Cats are known for their ability to pick up on human emotions and moods. They can sense when their owners are happy, sad, or stressed and may respond accordingly. Speaking to cats in a calm, affectionate manner can help them feel more secure and connected to their owners. Some cats even appear to enjoy "conversations" with their owners, responding with purrs, meows, or other vocalizations.

However, it's important to recognize that individual cats have different preferences. While some cats may relish being spoken to and will actively seek out interaction, others may be more reserved and prefer less verbal communication. Paying attention to a cat's body language and behavior can help owners determine how their cat feels about being spoken to and adjust their interactions accordingly.
Related: How Do You Know If Your Cat Is Happy

What Kind of Words Do Cats Understand?

Cats are more likely to understand words and phrases that are relevant to their daily lives and are associated with specific actions or rewards. Here are some examples of the types of words that cats are most likely to understand:

1. Names and Nicknames:

Many cats recognize their own names and will respond when called. They may also learn to respond to nicknames or variations of their names.

2. Commands:

Basic commands like "come," "sit," or "stay" can be understood by some cats, especially if they have been trained using positive reinforcement techniques.

3. Food-Related Words:

Words related to feeding time, such as "dinner," "treat," "food," or "eat," are often well-understood by cats. These words are usually associated with positive outcomes, making them more memorable.

4. Affectionate Phrases:

Phrases like "good kitty," "I love you," or "nice cat" can be recognized by cats, especially when spoken in a gentle and affectionate tone.

5. Play-Related Words:

Words associated with playtime, such as "toy," "play," "ball," or "mouse," can be understood by cats who enjoy interactive play with their owners.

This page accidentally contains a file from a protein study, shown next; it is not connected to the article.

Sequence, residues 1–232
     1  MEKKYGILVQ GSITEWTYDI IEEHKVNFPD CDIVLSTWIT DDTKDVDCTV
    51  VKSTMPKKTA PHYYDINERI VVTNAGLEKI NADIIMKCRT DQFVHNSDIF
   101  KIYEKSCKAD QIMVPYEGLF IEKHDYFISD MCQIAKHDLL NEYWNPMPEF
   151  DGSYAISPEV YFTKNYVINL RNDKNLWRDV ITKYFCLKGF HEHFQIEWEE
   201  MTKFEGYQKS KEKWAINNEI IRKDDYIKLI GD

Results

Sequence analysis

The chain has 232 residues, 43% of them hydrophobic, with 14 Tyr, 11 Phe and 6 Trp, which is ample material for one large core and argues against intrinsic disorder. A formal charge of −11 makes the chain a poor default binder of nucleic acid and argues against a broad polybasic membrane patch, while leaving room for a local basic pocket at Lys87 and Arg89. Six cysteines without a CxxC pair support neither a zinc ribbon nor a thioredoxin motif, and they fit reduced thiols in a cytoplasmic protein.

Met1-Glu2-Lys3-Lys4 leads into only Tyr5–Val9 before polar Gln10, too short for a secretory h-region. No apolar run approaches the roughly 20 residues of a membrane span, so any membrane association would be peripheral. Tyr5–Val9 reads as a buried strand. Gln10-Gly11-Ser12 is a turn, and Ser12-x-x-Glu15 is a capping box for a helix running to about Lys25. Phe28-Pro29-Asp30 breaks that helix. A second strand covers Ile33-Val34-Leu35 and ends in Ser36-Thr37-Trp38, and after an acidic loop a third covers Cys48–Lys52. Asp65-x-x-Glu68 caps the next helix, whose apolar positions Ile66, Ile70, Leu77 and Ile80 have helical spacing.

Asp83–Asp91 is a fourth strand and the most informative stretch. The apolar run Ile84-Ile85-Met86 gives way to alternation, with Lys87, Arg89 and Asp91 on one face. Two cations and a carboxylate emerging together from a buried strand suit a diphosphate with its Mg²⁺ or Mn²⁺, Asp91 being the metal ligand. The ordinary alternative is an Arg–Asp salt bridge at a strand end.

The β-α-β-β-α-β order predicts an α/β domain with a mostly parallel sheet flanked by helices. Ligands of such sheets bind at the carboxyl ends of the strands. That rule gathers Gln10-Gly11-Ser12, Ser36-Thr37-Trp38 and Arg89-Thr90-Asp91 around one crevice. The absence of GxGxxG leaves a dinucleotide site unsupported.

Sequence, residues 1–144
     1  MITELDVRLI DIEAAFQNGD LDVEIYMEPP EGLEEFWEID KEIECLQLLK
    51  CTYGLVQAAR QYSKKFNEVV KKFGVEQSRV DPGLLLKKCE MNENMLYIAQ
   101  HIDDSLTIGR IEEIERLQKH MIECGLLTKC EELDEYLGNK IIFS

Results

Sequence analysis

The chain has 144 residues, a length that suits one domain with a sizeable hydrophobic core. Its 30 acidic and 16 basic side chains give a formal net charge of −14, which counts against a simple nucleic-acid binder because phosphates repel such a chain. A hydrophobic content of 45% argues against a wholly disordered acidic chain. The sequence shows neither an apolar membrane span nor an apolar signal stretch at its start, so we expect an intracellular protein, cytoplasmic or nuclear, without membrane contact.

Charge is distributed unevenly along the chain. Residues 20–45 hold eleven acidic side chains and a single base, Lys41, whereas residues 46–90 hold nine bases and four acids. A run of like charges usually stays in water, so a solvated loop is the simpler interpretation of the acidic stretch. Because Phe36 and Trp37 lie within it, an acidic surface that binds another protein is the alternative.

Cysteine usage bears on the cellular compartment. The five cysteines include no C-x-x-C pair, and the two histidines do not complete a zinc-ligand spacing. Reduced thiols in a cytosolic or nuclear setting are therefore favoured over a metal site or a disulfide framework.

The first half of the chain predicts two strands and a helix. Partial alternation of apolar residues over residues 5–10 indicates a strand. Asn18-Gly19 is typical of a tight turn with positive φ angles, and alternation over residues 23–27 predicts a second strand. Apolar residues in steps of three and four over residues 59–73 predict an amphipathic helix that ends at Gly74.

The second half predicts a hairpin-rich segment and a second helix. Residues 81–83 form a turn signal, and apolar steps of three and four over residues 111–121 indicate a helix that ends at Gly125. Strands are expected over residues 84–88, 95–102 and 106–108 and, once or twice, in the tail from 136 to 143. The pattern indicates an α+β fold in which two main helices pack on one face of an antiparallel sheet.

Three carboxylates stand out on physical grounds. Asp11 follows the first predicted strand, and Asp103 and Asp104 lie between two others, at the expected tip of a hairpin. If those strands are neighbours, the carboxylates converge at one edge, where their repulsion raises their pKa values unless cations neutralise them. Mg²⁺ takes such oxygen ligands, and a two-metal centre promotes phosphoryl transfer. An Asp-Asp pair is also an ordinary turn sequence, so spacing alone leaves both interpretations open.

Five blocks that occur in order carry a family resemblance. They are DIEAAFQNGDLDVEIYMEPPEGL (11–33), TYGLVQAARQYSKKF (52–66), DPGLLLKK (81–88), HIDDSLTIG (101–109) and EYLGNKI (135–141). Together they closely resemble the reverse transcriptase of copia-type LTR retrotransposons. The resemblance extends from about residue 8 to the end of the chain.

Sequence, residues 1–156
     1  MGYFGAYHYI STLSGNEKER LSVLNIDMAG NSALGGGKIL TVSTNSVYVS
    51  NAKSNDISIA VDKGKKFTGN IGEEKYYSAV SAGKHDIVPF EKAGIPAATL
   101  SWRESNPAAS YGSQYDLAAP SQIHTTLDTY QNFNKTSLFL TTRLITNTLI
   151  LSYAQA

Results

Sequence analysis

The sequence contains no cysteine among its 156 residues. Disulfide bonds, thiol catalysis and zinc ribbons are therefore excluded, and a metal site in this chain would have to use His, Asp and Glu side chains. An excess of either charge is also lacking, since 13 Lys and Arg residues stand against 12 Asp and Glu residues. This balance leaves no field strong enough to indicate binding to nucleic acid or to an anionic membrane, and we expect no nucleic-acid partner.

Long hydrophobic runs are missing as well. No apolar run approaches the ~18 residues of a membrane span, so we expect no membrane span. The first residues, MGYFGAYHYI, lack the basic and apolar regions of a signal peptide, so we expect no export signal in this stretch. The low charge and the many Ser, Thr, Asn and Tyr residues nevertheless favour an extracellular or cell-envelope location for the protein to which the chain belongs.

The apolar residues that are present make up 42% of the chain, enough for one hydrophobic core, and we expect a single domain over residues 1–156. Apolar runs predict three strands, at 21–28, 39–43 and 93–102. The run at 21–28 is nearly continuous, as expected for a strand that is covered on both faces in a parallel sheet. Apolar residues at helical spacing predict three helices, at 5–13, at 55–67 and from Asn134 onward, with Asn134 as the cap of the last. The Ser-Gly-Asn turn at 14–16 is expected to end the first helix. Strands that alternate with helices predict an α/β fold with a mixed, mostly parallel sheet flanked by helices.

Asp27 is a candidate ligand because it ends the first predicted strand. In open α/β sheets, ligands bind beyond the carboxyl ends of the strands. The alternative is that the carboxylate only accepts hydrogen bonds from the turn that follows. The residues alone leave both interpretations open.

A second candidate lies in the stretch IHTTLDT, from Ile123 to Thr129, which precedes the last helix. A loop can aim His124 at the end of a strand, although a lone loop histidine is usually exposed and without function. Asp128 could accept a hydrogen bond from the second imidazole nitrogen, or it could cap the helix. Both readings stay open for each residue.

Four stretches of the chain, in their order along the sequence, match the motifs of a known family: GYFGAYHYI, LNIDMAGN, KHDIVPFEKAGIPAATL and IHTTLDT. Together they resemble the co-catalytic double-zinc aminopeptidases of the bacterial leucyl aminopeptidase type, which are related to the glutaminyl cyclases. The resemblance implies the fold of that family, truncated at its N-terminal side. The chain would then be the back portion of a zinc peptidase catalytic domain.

Also Read: How To Play With A Cat

6. Routine Words:

Words that are part of a cat's daily routine, such as "bedtime," "outside," "inside," or "car," can be recognized by cats who have established routines with their owners.

How Do Cats Learn Words?

Cats learn words through repetition and association. When a specific word or phrase is consistently used in conjunction with a particular action or outcome, cats begin to form associations between the sound of the word and the corresponding event. For example, if a cat hears the word "treat" every time they are given a treat, they will eventually learn to associate the sound of the word with the positive outcome of receiving a treat.

Positive reinforcement is a key factor in helping cats learn words. Rewarding cats with treats, affection, or play when they respond to specific words can reinforce the association between the word and the desired behavior. Over time, cats can learn to recognize and respond to a variety of words and phrases that are relevant to their daily lives.


Cats may not understand words in the same way humans do, but they are capable of learning to recognize and respond to certain words and phrases through repetition and association. While the number of words a cat can understand is relatively limited compared to dogs, cats can still develop a meaningful understanding of words that are relevant to their daily lives and interactions with their owners. By paying attention to a cat's responses and preferences, owners can enhance their communication with their feline companions and strengthen the bond they share.